Tuesday, November 01, 2005

Major newspaper urges 'NO' vote on state Supreme Court justices

The editorial below is from Sunday’s edition of The Allentown Morning Call. As far as I know, there has never been a case before where a major Pennsylvania newspaper has called for the rejection of state Supreme Court justices. The more liberal Philadelphia Inquirer and the Pennsylvania Bar Association are urging voters to overlook judicial inaction over the legislative pay grab and give Nigro and Newman a free pass. But if Pennsylvania voters are going to restore Constitutional order in Harrisburg and drive out the money-grubbing politicians, voting "NO" to retain these two judges on the Nov. 8 ballot is the only way to start. Pass this along to registered voters you know. Here’s the full editorial:

Voters are at a historic moment, should reject Supreme Court justices

This year, Pennsylvanians will vote on whether to retain two members of the Pennsylvania Supreme Court — Justices Russell Nigro and Sandra Schultz Newman.

Members of the Pennsylvania Supreme Court are elected to 10-year terms and stand for retention at the end of each term. In theory, this gives voters a chance to evaluate job performance and make changes if the performance is poor. In practice, retention elections have been formalities. No state Supreme Court justice has ever been rejected by the voters in a retention election.

This isn't because there has been a detailed evaluation by voters. It's because statewide judicial elections are among the lowest profile races in politics. In Pennsylvania, party registration and geography are as important in winning seats on the statewide courts as are qualifications. Candidates from the Philadelphia and Pittsburgh areas often benefit from hometown loyalties and high numbers of hometown voters. In off-year municipal election, when voter turnout is generally low, this translates into almost automatic victory in retention races.

Geography is a poor reason to elect or retain the judges who are supposed to uphold the rule of law for all Pennsylvanians. The key criterion should be how the justices uphold that rule of law — and that means, most importantly, the state constitution — and how the court performs as an effective check on the powers of the Legislature and executive branch. Thus, the best interests of all citizens of Pennsylvania — not just special interests or politicians — are served.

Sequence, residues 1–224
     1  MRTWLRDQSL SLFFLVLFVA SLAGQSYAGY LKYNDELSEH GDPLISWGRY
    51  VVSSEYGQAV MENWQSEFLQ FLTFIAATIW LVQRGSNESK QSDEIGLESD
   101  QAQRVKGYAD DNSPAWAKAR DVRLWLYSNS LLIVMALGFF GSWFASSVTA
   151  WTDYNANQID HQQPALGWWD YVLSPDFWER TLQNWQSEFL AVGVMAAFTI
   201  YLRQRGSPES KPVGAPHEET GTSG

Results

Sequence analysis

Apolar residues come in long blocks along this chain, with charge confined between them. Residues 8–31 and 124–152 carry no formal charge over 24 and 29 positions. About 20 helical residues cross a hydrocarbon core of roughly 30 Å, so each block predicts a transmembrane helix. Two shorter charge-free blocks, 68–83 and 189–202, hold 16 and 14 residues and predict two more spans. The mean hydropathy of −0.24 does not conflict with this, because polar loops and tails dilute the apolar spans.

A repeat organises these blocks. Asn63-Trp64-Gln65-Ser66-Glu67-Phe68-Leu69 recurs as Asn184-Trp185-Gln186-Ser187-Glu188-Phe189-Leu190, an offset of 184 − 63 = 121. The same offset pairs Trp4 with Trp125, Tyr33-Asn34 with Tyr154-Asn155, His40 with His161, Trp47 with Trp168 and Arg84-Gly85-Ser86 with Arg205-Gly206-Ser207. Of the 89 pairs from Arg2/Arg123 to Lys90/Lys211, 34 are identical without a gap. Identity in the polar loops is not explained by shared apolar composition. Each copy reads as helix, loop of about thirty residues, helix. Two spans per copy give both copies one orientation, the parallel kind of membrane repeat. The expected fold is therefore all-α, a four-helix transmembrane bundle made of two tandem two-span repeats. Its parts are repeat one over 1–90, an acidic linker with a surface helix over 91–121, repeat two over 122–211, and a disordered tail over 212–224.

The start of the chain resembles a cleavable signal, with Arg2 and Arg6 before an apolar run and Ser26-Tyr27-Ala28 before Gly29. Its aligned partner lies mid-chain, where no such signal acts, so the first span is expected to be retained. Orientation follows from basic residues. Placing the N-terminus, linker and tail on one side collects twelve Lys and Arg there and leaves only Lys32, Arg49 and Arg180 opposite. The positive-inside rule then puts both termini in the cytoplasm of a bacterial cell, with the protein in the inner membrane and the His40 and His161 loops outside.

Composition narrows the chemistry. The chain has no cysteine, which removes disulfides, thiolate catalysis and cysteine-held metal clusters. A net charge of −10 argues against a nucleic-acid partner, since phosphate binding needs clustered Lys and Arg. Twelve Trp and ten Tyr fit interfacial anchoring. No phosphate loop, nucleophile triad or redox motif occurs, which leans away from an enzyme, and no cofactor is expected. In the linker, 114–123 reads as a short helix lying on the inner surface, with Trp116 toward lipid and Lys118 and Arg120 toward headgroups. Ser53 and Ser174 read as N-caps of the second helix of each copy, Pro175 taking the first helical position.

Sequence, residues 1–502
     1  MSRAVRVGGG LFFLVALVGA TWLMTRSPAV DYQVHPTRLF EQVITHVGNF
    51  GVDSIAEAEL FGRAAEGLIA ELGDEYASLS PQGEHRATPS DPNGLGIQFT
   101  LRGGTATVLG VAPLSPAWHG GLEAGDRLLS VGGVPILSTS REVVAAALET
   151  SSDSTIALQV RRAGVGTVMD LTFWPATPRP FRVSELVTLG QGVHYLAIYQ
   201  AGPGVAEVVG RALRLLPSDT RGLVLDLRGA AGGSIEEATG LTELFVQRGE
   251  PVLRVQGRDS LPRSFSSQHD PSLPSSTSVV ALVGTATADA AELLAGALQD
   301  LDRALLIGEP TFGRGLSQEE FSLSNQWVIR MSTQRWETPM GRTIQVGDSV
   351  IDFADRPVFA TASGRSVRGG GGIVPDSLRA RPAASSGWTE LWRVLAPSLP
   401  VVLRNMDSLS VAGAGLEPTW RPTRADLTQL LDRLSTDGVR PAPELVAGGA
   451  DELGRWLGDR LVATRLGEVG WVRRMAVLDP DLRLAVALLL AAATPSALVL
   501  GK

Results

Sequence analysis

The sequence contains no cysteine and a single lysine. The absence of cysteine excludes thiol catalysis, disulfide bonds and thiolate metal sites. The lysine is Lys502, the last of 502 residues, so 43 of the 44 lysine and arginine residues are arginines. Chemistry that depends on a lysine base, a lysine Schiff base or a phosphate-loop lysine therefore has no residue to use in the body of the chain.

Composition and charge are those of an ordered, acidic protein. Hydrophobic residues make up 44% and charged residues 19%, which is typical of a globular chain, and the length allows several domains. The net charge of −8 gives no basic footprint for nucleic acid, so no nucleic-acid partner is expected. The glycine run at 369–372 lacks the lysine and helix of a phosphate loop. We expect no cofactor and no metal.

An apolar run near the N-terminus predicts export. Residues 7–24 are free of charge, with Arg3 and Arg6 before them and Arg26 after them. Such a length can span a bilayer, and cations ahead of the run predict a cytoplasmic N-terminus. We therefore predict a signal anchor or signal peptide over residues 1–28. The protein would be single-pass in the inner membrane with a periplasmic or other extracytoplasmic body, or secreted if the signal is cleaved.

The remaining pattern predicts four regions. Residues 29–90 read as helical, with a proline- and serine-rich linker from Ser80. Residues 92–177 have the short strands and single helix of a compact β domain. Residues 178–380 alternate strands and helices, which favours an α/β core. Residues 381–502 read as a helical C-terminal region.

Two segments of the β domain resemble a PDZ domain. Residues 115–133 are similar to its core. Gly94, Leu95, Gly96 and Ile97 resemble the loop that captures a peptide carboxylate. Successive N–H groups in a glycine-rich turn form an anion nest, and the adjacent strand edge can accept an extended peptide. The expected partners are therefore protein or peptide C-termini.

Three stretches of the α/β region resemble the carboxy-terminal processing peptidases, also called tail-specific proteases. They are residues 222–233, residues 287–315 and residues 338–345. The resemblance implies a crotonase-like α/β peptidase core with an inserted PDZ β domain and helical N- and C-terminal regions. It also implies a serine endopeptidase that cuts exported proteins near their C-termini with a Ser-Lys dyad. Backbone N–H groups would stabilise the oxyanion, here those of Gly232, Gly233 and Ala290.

Retention elections aren't bound by the rules of fairness that govern a courtroom. They should be bound by the rules of the boardroom, with voters serving as the directors. When a company is performing poorly, directors make changes. So do the voters in this election, because the Supreme Court has abdicated its role as a check on the General Assembly. The justices' explanation, that they are respecting the principle of separation of powers, is a poor one.

While voters are justifiably angry about the General Assembly's July pay grab and the role Supreme Court Justice Ralph Cappy played in that, there are deeper reasons to rebalance state government. One is the unanimous vote by the Court last year to uphold the bulk of Act 71, legalizing slot machines. In doing so, the Court made a mockery of the constitution, upholding the Legislature's abuse of constitutionally defined legislative processes.

Justice Newman recused herself from that decision. In fairness to both Justices Newman and Nigro, they earlier voted to reverse Commonwealth Court on the Lobbyist Disclosure Act, which kept Pennsylvanians in the dark about how special interest influence the passage of laws. Unfortunately, those votes were for naught, because the Supreme Court voted 3-3, meaning the lower court verdict stood. And yes, the Pennsylvania Bar Association has recommended their retentions.

However, if Pennsylvanians are to begin exercising control over state government, insisting that the state constitution be consistently upheld, a message must be sent. If the historic discontent with what has happened in Harrisburg these last two years is to result in positive change, it has to start with a historic rejection in this retention election. Perhaps, then, the rest of the Court will hold the General Assembly accountable, and Gov. Rendell and legislative leaders will get the message to stop playing fast and loose with constitutional processes meant to ensure that public policy is enacted openly and with adequate consideration. We thank Justices Nigro and Newman for their service. Nothing personal, it's time for change.

The Morning Call recommends "no" votes on the retention of Pennsylvania Supreme Court Justices Russell Nigro and Sandra Schultz Newman.

Copyright 2005 The Morning Call

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